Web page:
Skip to main content
Login | Suomeksi | På svenska | In English

Browsing by Subject "sustainable mobility"

Sort by: Order: Results:

  • Sarasma, Juho Johannes (2021)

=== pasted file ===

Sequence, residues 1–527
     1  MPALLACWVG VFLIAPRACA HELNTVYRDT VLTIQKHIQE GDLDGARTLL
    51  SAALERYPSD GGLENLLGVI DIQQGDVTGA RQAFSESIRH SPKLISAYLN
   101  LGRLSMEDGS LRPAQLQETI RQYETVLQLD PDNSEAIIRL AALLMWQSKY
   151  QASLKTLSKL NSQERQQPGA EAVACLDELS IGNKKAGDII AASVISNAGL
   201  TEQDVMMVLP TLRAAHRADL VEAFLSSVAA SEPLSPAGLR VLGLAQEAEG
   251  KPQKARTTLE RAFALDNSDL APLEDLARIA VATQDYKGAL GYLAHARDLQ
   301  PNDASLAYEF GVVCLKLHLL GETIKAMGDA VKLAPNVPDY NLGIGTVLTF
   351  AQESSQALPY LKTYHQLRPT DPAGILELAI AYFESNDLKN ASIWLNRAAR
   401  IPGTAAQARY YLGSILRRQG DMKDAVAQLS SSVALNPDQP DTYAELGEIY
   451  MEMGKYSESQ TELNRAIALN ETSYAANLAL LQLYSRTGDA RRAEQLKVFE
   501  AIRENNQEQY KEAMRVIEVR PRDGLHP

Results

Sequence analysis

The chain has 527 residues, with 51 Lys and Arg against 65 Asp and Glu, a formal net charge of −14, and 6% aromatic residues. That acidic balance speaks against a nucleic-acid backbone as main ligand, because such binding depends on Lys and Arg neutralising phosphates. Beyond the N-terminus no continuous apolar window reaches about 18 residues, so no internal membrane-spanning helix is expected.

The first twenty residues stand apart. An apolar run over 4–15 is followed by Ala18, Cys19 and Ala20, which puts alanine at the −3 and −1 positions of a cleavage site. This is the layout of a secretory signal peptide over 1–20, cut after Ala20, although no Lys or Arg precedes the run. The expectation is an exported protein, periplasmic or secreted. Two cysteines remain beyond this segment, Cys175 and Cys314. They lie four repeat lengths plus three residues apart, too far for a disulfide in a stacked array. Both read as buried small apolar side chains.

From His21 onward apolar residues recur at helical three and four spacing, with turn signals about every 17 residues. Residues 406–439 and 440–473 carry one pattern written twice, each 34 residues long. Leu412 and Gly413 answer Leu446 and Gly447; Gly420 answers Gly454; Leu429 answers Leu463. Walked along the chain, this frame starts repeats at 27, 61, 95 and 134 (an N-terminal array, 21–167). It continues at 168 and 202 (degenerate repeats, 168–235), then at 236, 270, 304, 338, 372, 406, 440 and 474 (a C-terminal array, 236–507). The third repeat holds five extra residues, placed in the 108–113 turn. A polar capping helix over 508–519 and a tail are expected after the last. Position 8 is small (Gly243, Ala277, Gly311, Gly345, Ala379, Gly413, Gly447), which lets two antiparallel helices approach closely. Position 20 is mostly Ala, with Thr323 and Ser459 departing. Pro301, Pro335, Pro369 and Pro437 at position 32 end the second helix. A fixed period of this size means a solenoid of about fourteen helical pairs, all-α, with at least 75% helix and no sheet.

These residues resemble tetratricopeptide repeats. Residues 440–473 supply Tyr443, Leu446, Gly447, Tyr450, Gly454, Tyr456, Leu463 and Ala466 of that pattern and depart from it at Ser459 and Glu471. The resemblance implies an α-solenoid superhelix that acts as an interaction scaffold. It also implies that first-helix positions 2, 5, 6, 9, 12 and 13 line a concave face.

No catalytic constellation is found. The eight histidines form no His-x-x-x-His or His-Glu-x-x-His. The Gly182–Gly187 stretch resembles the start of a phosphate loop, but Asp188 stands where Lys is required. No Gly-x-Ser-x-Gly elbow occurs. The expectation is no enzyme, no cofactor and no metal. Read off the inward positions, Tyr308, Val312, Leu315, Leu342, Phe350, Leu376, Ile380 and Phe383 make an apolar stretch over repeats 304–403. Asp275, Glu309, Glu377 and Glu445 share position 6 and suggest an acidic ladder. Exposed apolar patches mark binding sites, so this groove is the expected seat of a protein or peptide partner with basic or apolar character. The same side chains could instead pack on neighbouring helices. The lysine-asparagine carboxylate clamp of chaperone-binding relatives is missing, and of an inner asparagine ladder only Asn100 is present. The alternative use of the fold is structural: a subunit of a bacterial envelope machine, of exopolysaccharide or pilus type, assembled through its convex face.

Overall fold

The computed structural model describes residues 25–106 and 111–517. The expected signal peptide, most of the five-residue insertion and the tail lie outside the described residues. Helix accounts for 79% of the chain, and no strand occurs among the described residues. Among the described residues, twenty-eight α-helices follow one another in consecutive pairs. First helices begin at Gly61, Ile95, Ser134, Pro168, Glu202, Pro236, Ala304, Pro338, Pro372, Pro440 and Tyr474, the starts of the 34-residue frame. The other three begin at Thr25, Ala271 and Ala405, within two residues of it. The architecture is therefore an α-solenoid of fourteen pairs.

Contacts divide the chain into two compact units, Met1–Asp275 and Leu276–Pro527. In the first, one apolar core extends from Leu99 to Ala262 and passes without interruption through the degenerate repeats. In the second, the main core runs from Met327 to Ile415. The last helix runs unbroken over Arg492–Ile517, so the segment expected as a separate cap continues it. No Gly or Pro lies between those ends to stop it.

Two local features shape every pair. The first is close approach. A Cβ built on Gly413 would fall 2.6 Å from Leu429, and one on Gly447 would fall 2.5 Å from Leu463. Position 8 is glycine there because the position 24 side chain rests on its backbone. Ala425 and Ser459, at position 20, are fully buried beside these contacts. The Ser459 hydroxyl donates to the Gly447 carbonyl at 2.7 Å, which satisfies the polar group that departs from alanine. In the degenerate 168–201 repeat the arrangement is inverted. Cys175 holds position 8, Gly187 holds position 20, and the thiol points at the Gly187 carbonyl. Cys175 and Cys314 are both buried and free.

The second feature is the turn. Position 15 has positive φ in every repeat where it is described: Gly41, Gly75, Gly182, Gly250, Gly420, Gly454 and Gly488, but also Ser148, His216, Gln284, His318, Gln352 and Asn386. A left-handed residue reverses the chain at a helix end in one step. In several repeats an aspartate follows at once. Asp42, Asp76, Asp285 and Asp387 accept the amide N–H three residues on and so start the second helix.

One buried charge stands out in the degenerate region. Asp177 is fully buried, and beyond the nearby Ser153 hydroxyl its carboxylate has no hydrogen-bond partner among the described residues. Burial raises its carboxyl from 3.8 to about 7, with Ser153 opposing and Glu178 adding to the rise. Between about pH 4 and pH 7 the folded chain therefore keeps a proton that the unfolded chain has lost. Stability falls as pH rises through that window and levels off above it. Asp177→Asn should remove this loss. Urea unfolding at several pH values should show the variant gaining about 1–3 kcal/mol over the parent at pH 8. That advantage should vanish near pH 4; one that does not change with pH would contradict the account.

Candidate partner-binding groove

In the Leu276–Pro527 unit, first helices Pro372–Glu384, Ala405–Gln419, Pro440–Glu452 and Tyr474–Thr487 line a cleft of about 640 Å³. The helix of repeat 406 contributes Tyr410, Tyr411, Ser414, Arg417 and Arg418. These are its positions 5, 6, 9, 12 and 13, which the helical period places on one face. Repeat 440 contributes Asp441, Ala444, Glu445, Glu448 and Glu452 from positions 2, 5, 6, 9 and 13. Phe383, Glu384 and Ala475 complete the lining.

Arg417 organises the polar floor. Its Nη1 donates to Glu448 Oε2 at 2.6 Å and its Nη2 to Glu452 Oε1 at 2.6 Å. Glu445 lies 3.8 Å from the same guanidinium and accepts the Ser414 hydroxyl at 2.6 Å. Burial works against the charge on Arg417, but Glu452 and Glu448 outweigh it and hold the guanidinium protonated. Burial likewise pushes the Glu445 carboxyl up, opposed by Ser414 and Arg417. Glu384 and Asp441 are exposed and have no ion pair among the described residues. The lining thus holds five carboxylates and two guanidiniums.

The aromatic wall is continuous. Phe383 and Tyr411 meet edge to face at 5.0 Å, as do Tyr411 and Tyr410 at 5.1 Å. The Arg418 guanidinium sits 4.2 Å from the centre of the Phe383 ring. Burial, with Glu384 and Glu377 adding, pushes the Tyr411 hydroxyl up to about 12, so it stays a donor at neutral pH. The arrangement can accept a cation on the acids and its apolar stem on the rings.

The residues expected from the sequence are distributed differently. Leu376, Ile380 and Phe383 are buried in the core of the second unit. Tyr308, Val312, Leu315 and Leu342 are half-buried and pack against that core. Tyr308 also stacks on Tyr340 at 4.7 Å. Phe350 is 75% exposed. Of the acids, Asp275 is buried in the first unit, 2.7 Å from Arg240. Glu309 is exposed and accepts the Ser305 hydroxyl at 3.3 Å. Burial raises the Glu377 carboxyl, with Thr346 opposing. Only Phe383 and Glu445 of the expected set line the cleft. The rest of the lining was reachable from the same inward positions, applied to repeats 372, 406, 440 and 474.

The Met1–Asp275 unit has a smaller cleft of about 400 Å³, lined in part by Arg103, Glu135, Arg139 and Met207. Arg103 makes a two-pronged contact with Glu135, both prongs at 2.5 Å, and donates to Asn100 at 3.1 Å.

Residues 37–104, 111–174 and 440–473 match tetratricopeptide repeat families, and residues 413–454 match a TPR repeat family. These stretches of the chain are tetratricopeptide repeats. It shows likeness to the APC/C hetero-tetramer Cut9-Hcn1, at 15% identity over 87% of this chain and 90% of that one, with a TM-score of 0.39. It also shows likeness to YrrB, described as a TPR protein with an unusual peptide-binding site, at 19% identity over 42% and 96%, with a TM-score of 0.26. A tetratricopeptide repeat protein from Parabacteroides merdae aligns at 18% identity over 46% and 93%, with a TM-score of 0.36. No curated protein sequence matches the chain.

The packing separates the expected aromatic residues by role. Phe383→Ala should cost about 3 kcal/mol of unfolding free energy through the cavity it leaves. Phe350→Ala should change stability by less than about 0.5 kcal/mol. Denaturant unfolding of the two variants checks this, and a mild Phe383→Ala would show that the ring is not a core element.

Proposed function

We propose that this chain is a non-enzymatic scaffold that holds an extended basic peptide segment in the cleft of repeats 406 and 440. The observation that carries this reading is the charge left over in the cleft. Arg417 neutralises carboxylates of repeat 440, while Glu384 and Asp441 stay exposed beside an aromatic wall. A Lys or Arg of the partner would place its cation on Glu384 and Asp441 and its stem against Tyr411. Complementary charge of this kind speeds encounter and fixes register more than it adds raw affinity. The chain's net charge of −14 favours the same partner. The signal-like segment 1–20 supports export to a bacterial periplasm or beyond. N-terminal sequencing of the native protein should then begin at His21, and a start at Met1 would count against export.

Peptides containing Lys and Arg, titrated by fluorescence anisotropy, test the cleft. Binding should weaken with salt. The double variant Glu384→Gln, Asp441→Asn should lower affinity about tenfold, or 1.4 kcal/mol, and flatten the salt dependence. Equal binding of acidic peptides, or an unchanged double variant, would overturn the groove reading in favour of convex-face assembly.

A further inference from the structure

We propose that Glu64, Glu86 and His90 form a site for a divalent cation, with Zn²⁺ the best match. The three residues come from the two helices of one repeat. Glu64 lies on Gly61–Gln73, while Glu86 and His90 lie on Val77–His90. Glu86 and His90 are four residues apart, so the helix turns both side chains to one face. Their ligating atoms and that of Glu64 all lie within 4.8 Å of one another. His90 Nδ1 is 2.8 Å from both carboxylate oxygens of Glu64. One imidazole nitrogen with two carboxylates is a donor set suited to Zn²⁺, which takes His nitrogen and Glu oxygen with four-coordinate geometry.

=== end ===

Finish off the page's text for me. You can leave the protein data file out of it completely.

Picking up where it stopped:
Mobility, the somewhat regular and recurring physical movement of people from place to place, is a very important part of a broader transition to sustainability. In Finland the transport sector accounts for 20 % of total greenhouse gas emissions and while emissions have been steadily declining, the pace is not sufficient to meet current emission cut targets. When looking at household generated greenhouse gas emissions, mobility is the single largest contributor. Previous research has focused a lot on technological advancements and individuals’ choices as causes and solutions to sustainable mobility. These approaches have been criticized for underemphasizing the importance of social conditions. Practice theories have been presented as an alternative way of understanding mobility behaviors, challenging the mainstream individualistic explanations. Practices are routinized human behaviors that are made of several elements of materials, meanings, and competences. This thesis adopts a practice theoretical view in analyzing people’s mobility before and during the COVID-19 pandemic. The aim is to learn what practice theory can teach us about sustainable mobility, and how the pandemic has affected people’s mobility in Finland. Nine semi-structured interviews were conducted, asking the participants about their mobility practices before and during the COVID-19 pandemic, forming a comprehensive picture of their daily lives from a mobility point of view. The results were analyzed using qualitative theory-based content analysis. The results indicated that people’s mobility is a complex system which was largely affected by the COVID-19 pandemic. Various elements either enabling or hindering the use of different transport modes were identified, as were important connections between different mobility practices. Practice theory has been often used to research one mobility practice at a time and the broader look of this study, focusing on multiple mobility practices, is potentially the most important contribution this thesis makes to previous mobility research. While not providing direct answers to how people’s mobility could be made more sustainable, this thesis makes an important contribution to practice theoretical mobility research which in a Finnish context is very scarce.